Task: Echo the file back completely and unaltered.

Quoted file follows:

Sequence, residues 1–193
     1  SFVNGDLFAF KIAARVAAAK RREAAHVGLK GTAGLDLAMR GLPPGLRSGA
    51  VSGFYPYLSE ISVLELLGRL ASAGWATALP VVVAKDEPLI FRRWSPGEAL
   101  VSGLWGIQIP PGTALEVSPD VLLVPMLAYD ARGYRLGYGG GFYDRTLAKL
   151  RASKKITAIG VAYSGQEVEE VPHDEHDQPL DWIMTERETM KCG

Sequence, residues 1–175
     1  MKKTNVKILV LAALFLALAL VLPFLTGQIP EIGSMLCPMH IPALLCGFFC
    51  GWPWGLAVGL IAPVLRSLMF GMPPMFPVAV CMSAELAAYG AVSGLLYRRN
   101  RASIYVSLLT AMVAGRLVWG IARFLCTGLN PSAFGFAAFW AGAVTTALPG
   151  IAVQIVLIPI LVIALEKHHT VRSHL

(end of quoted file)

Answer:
Sequence, residues 1–193
     1  SFVNGDLFAF KIAARVAAAK RREAAHVGLK GTAGLDLAMR GLPPGLRSGA
    51  VSGFYPYLSE ISVLELLGRL ASAGWATALP VVVAKDEPLI FRRWSPGEAL
   101  VSGLWGIQIP PGTALEVSPD VLLVPMLAYD ARGYRLGYGG GFYDRTLAKL
   151  RASKKITAIG VAYSGQEVEE VPHDEHDQPL DWIMTERETM KCG

Sequence, residues 1–175
     1  MKKTNVKILV LAALFLALAL VLPFLTGQIP EIGSMLCPMH IPALLCGFFC
    51  GWPWGLAVGL IAPVLRSLMF GMPPMFPVAV CMSAELAAYG AVSGLLYRRN
   101  RASIYVSLLT AMVAGRLVWG IARFLCTGLN PSAFGFAAFW AGAVTTALPG
   151  IAVQIVLIPI LVIALEKHHT VRSHL